Oh yeah... That little "Lock Smith" shop is still located just to the right.

Dianne Sanders Schroll of Plainfield, Illinois writes:

I worked at the Lisle Dairy Queen on Ogden (Or was it Dairy Castle?) for my sophomore, junior and senior years. It was the happening place during the summer months. It was owned by Mrs. Konder who lived just up the street. I don't remember how much the ice cream was but your could get 7 hamburgers for a dollar. You could get hamburgers, hot dogs, fish, steak sandwiches, fries. You could get root beer floats, shakes, malts, sundaes and banana splits. It was a great place to work; you could eat anything you wanted. They had both vanilla and chocolate ice cream. Some of the people who worked there included Mrs. Konder's children, Bonnie, AJ. and Mary.
AJ used to sneak out of his house after midnight and ride his horse (which he kept in his back yard) to Downers Grove and/or Naperville. Barb Kubes also worked there. Mrs. Konder's sister was Ann Dooley. At that time I think half of Lisle was related in one way or another.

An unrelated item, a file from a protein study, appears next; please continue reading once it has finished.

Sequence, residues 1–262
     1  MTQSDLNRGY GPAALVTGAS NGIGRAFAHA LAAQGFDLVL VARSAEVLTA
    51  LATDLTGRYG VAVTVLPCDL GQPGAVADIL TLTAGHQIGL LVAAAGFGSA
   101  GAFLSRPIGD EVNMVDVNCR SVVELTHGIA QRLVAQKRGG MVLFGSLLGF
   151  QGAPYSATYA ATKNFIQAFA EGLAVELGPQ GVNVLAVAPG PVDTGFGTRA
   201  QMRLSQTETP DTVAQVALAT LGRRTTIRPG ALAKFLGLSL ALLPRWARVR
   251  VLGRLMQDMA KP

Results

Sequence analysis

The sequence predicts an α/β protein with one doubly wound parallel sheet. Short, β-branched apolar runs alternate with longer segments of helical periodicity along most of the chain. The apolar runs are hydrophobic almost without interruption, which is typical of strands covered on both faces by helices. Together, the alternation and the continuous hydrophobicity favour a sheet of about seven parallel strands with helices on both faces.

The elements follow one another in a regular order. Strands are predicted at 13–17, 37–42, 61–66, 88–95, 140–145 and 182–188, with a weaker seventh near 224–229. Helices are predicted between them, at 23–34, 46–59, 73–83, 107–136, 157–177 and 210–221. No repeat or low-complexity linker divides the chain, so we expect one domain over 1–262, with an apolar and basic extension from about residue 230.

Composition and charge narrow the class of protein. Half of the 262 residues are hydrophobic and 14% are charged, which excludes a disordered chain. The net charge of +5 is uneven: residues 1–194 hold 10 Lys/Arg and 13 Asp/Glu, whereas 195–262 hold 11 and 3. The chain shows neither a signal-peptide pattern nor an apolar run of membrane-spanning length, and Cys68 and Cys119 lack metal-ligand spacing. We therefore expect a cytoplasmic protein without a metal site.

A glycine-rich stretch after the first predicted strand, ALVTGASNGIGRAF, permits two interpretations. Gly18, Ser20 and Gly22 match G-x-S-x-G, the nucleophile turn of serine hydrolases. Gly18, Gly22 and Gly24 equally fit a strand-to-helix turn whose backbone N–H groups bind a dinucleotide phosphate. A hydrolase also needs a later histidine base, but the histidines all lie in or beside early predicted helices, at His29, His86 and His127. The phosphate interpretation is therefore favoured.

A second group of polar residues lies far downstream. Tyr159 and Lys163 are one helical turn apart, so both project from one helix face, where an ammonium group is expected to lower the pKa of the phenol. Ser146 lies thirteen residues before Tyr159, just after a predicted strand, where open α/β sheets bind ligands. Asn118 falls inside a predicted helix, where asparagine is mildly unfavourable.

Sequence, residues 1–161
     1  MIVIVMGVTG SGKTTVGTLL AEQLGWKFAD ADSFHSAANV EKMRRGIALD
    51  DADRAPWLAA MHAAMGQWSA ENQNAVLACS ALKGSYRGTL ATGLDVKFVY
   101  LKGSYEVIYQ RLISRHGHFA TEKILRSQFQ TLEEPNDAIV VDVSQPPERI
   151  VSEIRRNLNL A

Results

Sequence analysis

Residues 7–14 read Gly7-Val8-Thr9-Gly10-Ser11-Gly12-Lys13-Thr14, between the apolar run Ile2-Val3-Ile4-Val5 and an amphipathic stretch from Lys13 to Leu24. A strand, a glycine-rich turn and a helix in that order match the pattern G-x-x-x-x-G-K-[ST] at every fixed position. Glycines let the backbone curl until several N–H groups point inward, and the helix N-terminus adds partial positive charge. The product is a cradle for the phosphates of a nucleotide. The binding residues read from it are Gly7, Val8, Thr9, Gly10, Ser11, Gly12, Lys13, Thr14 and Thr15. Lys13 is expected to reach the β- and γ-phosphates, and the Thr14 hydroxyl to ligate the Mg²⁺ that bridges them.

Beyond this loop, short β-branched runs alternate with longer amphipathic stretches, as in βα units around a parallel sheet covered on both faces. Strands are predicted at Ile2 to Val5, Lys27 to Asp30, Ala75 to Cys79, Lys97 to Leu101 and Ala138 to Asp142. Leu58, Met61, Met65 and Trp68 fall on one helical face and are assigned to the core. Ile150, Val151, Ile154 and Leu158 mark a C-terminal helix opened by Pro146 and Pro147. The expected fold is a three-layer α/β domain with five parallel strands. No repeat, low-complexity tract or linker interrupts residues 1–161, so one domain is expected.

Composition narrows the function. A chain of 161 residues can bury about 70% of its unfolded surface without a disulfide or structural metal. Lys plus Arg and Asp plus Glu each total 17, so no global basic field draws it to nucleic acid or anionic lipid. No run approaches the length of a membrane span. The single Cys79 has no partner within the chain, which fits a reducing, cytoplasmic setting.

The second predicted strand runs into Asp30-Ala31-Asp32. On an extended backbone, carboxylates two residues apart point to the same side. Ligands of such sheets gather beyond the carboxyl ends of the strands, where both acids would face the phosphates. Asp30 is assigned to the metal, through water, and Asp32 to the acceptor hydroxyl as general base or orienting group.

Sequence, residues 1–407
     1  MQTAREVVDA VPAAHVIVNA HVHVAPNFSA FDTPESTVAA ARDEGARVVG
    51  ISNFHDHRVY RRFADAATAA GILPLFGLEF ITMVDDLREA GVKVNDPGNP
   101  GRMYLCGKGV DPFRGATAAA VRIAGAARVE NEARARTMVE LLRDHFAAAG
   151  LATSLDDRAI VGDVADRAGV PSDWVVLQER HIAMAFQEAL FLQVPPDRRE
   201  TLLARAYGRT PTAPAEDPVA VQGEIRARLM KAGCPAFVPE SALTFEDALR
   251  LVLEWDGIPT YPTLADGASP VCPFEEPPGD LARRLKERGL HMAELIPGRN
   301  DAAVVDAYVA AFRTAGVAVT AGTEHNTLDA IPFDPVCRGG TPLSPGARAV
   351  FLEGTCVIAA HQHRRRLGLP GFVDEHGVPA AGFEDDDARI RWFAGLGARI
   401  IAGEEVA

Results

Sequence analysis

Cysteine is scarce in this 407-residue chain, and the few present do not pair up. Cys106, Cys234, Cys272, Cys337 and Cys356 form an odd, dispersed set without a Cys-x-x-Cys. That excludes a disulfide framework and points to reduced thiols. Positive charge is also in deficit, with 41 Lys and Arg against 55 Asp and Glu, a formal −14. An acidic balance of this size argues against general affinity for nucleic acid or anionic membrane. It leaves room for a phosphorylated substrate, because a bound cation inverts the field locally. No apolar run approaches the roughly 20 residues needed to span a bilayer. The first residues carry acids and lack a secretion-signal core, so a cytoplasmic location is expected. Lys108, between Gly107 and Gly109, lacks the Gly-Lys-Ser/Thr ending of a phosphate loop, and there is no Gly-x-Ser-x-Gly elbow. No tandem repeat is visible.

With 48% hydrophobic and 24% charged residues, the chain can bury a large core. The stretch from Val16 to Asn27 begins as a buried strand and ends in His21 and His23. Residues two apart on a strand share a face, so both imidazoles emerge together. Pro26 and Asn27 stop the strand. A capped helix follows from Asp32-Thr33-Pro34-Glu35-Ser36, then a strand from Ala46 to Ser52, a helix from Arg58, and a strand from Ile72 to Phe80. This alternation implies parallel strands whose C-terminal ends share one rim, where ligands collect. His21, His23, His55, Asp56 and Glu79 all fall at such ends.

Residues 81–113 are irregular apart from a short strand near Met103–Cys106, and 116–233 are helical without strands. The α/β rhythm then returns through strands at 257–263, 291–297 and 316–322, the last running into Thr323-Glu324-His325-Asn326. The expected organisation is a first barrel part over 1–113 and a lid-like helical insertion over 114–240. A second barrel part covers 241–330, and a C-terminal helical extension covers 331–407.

One of the all time classic structures of Lisle. Here is my favorite photo of St Joan of Arc church and school before it's demolition in the early '70s. The picture on the right shows the small hill where she once stood. All that remains is a small cement slab where the bike rack was located. It also shows the parking lot where the bricks came tumbling towards the spectators as the bell tower was hit by the wrecking ball.
(Click here to read more about St. Joan's)





Looking west on Burlington just east of Main. The building on the left was Brigg's Butcher Shop. The building on the right was Grumhaus Grocery. From around 1895.
Looking west on Burlington just east of Main around 1895. The building on the left was Brigg's Butcher Shop. The building on the right was Grumhaus Grocery. It looks like the guys on the porch may have been sitting around waiting for email to be invented. (Just a theory!)
This photo from the mid 70s is looking east on Burlington from Main. The Briggs Butcher Shop building still stood and is seen on the left.